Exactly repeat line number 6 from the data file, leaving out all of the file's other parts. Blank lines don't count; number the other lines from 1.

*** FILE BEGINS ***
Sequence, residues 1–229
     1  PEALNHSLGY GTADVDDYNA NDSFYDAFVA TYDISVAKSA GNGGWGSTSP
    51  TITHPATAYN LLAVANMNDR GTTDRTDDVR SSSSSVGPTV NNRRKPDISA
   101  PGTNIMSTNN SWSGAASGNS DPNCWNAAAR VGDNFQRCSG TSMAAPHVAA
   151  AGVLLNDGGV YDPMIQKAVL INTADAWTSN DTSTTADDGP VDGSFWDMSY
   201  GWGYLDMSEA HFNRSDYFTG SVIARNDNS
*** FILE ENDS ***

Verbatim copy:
   201  GWGYLDMSEA HFNRSDYFTG SVIARNDNS